Corporation tax powers for north – at long last

BRITISH prime minister David Cameron is expected to give Northern Ireland the go ahead today to set its own rate of corporation tax.

But he will only rubber stamp the move should the Tories win the next general election – which is not expected to be called before 2015.

It is believed Mr Cameron will make the long-awaited announcement after meeting with the first and deputy first ministers, who are due in No 10 for crunch talks on the issue.

And is understood that Mr Cameron – who has been considering a report on the matter since November – is finally prepared to allow Stormont powers to vary corporation tax.

There have calls for many years for the north’s tax rate for businesses to be reduced to compete with the lower 12.5 per cent charged in the Republic.

Companies in the north are charged 23 per cent on any profits made – although in last week’s budget chancellor George Osborne announced it would be lowered across the UK to 21 per cent next year and 20 per cent from April 2015.

Businesses and politicians have been lobbying for the north to be treated as a special case for several years, although any deal will also result in a reduction of the block grant afforded to Northern Ireland from Westminster.

There had been fears the British government could ignore the calls, worried it could lead to calls from other UK regions for similar concessions.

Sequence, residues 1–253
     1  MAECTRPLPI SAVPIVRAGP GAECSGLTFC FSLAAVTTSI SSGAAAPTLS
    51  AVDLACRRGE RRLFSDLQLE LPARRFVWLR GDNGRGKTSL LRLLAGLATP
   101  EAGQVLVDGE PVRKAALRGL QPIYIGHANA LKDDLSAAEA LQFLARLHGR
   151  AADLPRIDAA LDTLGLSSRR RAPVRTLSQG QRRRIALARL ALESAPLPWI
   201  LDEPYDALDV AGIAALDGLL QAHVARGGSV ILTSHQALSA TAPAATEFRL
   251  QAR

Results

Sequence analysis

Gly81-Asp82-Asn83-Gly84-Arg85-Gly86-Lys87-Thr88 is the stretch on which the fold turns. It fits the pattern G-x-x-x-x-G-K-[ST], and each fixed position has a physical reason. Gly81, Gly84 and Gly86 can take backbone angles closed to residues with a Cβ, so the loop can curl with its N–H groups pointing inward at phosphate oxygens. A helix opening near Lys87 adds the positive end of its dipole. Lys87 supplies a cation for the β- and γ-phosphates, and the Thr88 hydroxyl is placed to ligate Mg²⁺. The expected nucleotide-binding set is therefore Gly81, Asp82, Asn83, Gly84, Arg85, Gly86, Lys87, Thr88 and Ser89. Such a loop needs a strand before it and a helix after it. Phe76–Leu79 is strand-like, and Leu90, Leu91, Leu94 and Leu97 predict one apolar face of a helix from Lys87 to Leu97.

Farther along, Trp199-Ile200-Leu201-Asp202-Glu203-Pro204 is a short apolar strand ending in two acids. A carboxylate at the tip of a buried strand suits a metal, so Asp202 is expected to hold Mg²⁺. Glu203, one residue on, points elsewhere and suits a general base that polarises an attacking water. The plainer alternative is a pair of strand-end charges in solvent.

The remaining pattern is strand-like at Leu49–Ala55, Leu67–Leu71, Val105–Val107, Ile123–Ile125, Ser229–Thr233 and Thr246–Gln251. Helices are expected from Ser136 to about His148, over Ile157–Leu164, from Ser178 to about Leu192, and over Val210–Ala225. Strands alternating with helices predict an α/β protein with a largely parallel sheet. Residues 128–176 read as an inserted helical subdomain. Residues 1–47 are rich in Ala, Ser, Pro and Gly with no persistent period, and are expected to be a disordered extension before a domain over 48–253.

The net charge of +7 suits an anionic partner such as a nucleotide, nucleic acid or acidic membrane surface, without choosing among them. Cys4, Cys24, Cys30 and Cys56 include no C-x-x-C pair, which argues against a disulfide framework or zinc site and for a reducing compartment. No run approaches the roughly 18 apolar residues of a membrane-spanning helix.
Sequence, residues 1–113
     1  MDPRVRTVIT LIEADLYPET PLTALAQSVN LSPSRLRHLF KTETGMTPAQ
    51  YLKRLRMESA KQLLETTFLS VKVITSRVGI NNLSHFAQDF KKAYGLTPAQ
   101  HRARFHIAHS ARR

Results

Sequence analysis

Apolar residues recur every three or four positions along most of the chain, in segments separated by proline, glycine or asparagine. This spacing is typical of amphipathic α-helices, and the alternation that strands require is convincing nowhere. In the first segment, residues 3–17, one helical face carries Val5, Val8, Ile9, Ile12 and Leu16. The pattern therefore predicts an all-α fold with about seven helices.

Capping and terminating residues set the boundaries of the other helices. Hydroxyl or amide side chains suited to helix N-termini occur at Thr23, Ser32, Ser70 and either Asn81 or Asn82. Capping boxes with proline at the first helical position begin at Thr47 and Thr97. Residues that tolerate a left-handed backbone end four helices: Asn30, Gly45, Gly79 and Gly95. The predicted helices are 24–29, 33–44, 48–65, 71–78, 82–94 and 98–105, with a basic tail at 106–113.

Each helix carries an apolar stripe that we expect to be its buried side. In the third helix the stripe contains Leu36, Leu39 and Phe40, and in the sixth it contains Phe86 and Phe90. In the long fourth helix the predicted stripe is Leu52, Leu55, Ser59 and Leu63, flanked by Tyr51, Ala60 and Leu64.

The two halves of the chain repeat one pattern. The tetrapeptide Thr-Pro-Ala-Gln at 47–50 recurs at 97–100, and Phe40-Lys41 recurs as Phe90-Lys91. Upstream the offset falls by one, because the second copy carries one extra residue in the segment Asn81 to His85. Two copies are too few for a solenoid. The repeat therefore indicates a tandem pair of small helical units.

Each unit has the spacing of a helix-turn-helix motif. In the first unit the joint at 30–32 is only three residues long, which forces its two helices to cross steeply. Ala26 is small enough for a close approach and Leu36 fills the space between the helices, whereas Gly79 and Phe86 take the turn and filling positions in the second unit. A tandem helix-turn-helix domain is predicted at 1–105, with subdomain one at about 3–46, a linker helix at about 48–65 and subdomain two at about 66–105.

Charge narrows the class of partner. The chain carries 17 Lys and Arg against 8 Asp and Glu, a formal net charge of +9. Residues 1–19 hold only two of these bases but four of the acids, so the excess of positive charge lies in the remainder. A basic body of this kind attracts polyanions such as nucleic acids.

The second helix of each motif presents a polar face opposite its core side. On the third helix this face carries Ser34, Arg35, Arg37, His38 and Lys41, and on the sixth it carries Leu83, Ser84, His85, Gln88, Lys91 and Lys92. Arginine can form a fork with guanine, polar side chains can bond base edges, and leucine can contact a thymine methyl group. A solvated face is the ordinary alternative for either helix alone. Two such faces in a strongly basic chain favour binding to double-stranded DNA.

In recent years the issue raised its head in 2007 with the Varney review.

It was established by the then chancellor Gordon Brown to carry out a review of tax policy and, in particular, the bid to harmonise the region’s corporation tax rate with the Republic.

Although Northern Ireland businesses would pay a lower level of tax, the amount of funding for the north is expected to be reduced by around the same amount.

The exact figure is not known although it is anticipated to be around £300 million.

Yesterday the Confederation of British Industry (CBI) in the north published an open letter to Mr Cameron urging him to grant corporation taxvarying powers to the Northern Ireland executive.

Its chairman Ian Coulter said the powers would be “the economic lever most likely to rebalance the Northern Ireland economy”.

“Northern Ireland boasts many innovative businesses that are growing and flourishing, despite the challenges, and a skilled and dedicated workforce,” he said.

“But many more businesses and individuals are in dire straits and a generation of talented young people is being lost.”

The Northern Ireland Independent Retail Trade Association (NIIRTA), meanwhile, said that devolving corporation tax “is the united view of not just every business organisation but also the five main local political parties”.

NIIRTA chief executive Glyn Roberts said: “Our economy is lagging behind the rest of the UK in recovery and we face a growing unemployment problem.

“Corporation tax, while not being the silver bullet, is the potential game-changer we need to attract more FDI, which will boost jobs and spending in the local economy.”